Using Maemo’s alarm framework with Qt – The basics

October 15, 2010 by Zoran

Whew, finally found some time to write another post. This time we’ll be using Maemo’s alarm framework to do, well, almost whatever we want at a specific time, or even repeatedly at specific times :) So let’s get to it.

This will actually be a mini-series of posts. I tried to put everything at once but failed miserably :) These are the series’ parts published till now:

  1. The basics (this one)

The heart of the alarm framework is the alarmd daemon which is responsible for doing stuff at specific times. Basically, we can tell it to raise a system alarm, execute a shell command on our behalf or make a D-Bus method invocation. The raising of system alarm entails displaying the standard Maemo system alarm UI with the time of the alarm, some description and a few buttons so the user can aknowledge or snooze the alarm for example. Executing a shell command (this, of course, includes launching a program) is pretty self explanatory. Describing the D-Bus framework is way beyond the scope of this post so I will just refer you to the D-Bus documentation if you want to know more. Or you can also wait and see if I make a post about D-Bus in the future ;)

Now that the big picture is a little clearer lets spend a few moments describing the nitty gritty before jumping in. The alarmd functionality is available using the C API via the libalarm maemo library. You already guess what we are going to do. We’ll just link with this library and use it’s API for playing with the alarms. On to code…

I’m presuming a standard Nokia Qt SDK installation and using Qt Creator as our IDE. Naturally, you’ll also need a test project (or a real one if you prefer :)). First thing we need to do is tell qmake that we want to use the libalarm C library. We do this by adding the following lines into our project file:

maemo5 {
    QT += maemo5
    LIBS += -lalarm

This means that the two lines between the curly braces are taken into consideration only if we are building for the Maemo platform. The first line tells qmake that we want the standard Maemo Qt module (this is needed for every Maemo application we make). With the second line we announce that we want to link the libalarm library which resides on the standard library search path. If this last line contained a lot of gibberish to you fear not, everything will become clearer if you study the gcc linking documentation. If you want to know more about the whole library linking stuff take a look at the TLDP program libraray documentation, especially the shared libraries chapter.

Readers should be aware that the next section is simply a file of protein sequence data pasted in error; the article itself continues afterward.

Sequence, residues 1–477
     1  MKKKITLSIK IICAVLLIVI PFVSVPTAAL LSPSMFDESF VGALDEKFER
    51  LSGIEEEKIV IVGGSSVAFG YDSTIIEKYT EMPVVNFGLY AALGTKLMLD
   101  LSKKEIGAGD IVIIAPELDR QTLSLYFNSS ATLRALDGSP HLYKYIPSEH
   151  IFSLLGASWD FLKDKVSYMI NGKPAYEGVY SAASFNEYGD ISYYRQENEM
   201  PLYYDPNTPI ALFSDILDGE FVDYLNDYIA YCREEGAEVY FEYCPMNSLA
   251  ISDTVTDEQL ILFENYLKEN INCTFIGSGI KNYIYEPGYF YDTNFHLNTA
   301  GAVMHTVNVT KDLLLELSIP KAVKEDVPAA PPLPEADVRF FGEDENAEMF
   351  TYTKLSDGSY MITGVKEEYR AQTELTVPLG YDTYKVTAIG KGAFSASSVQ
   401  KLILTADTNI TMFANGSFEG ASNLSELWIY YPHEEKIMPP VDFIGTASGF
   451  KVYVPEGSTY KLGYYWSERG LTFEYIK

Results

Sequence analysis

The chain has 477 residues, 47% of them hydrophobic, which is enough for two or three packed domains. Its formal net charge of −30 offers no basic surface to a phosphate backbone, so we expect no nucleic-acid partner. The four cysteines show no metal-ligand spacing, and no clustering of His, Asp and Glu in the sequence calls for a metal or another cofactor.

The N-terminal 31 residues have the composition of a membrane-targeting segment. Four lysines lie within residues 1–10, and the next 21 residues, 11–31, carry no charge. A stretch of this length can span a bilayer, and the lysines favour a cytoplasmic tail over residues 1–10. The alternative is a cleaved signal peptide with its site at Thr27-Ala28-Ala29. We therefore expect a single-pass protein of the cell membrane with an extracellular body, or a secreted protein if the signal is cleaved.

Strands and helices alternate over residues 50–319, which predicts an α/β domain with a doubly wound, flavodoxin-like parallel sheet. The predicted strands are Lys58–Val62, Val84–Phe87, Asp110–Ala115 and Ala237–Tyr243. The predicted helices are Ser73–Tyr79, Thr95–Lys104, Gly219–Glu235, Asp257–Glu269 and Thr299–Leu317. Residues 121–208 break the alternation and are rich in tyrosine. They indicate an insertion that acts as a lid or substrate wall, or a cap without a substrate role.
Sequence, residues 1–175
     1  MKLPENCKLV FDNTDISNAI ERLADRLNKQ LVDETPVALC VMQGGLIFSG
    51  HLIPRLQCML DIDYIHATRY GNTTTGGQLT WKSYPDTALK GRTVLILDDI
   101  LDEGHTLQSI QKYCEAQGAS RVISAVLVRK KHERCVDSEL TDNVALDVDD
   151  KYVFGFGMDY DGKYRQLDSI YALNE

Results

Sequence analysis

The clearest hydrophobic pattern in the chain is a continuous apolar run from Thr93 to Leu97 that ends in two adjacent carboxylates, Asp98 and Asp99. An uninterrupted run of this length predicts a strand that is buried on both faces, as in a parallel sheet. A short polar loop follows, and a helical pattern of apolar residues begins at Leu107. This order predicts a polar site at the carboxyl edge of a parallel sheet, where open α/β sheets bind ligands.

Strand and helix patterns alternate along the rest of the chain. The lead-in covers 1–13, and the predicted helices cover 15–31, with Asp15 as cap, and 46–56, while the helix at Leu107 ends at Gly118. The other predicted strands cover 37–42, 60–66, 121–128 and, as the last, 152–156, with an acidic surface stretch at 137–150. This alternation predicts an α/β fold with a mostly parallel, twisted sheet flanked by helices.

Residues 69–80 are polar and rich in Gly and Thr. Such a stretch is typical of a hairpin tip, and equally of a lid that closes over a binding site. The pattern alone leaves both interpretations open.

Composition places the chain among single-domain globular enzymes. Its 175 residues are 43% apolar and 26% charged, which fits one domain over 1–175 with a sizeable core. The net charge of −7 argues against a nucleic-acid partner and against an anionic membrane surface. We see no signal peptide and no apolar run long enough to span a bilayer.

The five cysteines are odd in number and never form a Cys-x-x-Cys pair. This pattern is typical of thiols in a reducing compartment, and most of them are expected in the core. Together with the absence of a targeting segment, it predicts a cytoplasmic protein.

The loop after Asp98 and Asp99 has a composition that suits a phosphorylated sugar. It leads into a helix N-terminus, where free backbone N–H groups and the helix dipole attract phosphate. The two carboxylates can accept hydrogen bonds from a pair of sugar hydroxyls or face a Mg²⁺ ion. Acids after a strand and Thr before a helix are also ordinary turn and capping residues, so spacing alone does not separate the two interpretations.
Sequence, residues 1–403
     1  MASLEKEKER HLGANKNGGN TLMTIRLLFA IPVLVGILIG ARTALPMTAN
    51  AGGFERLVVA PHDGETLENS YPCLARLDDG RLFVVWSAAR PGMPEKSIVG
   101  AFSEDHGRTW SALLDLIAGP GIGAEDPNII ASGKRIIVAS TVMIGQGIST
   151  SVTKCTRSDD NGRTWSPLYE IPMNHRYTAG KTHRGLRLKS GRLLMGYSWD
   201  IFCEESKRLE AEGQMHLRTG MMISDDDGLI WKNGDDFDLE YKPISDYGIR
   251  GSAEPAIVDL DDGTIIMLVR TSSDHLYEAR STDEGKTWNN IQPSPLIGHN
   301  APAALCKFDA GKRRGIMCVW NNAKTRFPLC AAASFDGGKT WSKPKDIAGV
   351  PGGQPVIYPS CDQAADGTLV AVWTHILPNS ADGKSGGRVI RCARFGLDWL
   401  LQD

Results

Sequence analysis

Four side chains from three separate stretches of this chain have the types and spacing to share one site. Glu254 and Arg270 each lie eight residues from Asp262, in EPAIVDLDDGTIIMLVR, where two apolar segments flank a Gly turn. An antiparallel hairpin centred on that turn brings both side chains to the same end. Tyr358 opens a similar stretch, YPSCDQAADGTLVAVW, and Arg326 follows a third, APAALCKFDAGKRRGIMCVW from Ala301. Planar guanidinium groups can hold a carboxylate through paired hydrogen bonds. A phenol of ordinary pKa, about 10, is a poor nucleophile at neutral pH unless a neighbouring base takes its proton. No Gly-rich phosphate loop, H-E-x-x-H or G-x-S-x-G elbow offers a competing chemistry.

Now we can write some alarm setting code:

// Header stuff...

#if defined(Q_WS_MAEMO_5)

// Other code...

    alarm_event_t * event = 0;
    alarm_action_t * act = 0;

    // Setup
    event = alarm_event_create();
    // The application id field is needed for every alarm you set
    alarm_event_set_alarm_appid(event, "Alarm testing app");
    // Alarm description displayed when the alarm is triggered
    alarm_event_set_message(event, "The alarm message for the system UI");
    // Set the alarm time 30s form now
    event->alarm_time = time(0) + 30;

    // Acknowledge action
    act = alarm_event_add_actions(event, 1);
    alarm_action_set_label(act, "Stop");
    act->flags |= ALARM_ACTION_TYPE_NOP;

    // Snooze action
    act = alarm_event_add_actions(event, 1);
    alarm_action_set_label(act, "Snooze");
    act->flags |= ALARM_ACTION_TYPE_SNOOZE;

    // Pass the structure to the alarmd daemon
    // Cleanup
    act = 0;
    event = 0;

// More other code...

This is the most basic of the alarm examples. It simply sets an alarm to trigger 30 seconds from the time it was set. The standard Maemo alarm system UI will display the set message and will give the user two buttons, one to aknowledge the alarm (“Stop”) and the other to snooze the alarm by the standard specified system snooze time (“Snooze”) which is by default set to 10 minutes.

I think my time for this post is at the end so I’ll bid you a fond farewell. Next time we’ll complicate things up a little bit by setting our own snooze interval and executing custom commands when the alarm is triggered. So stay tuned.

Here’s the series TOC till now for your convenience:

  1. The basics (this one)